Common Core Assessment Record Book

Saturday, August 15, 2015
Hey Y'all!
It's been CR.A.ZY here getting ready for back to school. I've been working in my room, setting up new procedures and things I want to try this year, and meeting some of my new little ones. I also have some super exciting news to share. This year I am going to be bringing you all some reviews of some Carson Dellosa products. I get the opportunity to be an ambassador for Carson Dellosa. This post is the first of my reviews. 
The product that I am going to share with you is the new common core assessment record book. Let's start with the basics. These record books are grade level specific. Since I am a kinder teacher that is the book that I am looking at. Let's talk about the book construction itself.  The cover is a medium weight glossy stock paper with a spiral binding.  It's 8.5 x 11 in size. There are no tabs or marking on the side that would note or mark where different sections start or end. What I like: I like the size and thickness of this record book. The ones we are issued at school are ginormous! As in so big that it do not easily fit into my teacher bag. This book with fit beautifully.  

Let's move to the inside of the book. The first page (shown in part above) is broken into several sections. There is a book plate area to enter your personal information, a table of contents, and a "how to" guide. I wanted to show you this section because I find it very helpful to understanding how this record book could be used successfully in a standards driven classroom. Yes I know we all teach to standards but we are not all assessing and recording grades that way. Many districts are still asking letter grades.  This chart shows that not only do I have a place to mark a "grade" by nine weeks, there is also a large area for me to keep notes on how that child is progressing. Some differences in this grade book compared to a traditional grade book: first the students have a column that is theirs. The standards are listed down the left hand side of the two page spread. There are 4 squares per standard that you can mark progress and date of assessment in.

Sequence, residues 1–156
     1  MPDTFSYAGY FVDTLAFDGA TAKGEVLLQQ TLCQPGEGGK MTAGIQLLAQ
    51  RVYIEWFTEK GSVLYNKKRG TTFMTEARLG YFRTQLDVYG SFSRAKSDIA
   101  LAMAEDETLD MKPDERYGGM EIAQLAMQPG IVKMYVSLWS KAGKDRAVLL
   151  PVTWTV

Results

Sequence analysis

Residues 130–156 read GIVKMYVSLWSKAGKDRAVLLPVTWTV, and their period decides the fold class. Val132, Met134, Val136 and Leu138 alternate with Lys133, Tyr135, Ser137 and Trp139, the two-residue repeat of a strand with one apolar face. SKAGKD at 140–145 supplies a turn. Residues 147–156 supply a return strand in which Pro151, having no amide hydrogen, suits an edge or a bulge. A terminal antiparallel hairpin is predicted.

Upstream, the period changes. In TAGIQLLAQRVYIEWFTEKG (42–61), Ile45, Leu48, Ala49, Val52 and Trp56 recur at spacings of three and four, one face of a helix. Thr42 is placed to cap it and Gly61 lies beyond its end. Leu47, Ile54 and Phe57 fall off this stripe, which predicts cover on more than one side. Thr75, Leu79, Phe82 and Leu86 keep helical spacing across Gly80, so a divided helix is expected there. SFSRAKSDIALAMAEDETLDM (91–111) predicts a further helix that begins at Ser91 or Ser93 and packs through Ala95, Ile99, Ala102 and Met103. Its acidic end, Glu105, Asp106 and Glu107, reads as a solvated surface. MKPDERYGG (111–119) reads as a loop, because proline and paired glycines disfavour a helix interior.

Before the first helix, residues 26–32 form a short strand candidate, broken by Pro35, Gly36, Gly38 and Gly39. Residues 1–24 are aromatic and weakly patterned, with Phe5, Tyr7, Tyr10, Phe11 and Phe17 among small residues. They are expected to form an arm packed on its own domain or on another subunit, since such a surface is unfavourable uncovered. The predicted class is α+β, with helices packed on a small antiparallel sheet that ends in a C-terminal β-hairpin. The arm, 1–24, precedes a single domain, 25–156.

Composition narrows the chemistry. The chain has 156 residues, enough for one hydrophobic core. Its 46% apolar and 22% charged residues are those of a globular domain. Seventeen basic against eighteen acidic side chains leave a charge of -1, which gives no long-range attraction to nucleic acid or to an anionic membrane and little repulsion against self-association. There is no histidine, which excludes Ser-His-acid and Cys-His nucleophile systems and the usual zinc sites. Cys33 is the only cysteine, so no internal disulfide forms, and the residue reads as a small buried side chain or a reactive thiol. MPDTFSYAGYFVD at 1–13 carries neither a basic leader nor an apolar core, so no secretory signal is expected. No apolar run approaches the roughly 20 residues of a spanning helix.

Now let's flip over to one of the sections... Counting and cardinality. This section is set up like all the other sections in the record book. The first page of the section is a list of the Common Core standards for that section, in this case counting and cardinality. There is one complete standard per box and the standard is listed on the left hand side of the table. If a standard has several parts it is contained within the one box.

The facing page has a crosswalk showing what pre K would have introduced, if the child attended an academic pre K, and shows where counting and cardinality fits into what first grade will be learning. In the case of counting and cardinality, kindergarten is the only grade where these standards are taught but in the crosswalk these standards are tied to first grade base ten knowledge. 

So there is a walk through the record book. Can we talk about my personal thoughts? Well I guess you can't tell me no, so on we go. My initial reaction to a standards based record book was "not something that I can use". We are forced to use a letter system with our kinders, which doesn't necessarily line up with the standards. I was stumped as to how this might be useful in my teaching life, then I spent some time with this record book. Here is what I'm thinking. I still have to teach to the standards and I have to show that my children mastered specific standards. This record book would be a helpful tool in showing this to parents as well as keeping my notes in one place. I love the construction of this book, but I wish that there was some kind of tab that would allow me to flip quickly between sections. I can fix that easily enough so it wouldn't stop me from buying it. I am looking forward to using this as a way to really know what my students are doing. I love that the book is set up so that one student has a column to record their scores in. This will allow me to copy, cut, and paste their scores onto our conference form. I think that this is the direction that we need to move in education, that is, we need to stop giving letter grades and start really looking at the standards and how our students stand up to those standards.

*I am a Carson Dellosa Ambassador and the materials for this review were sent to me at no cost to myself. The ideas and opinions expressed on this blog are my own and are not necessarily the thoughts or opinions of Carson Dellosa.

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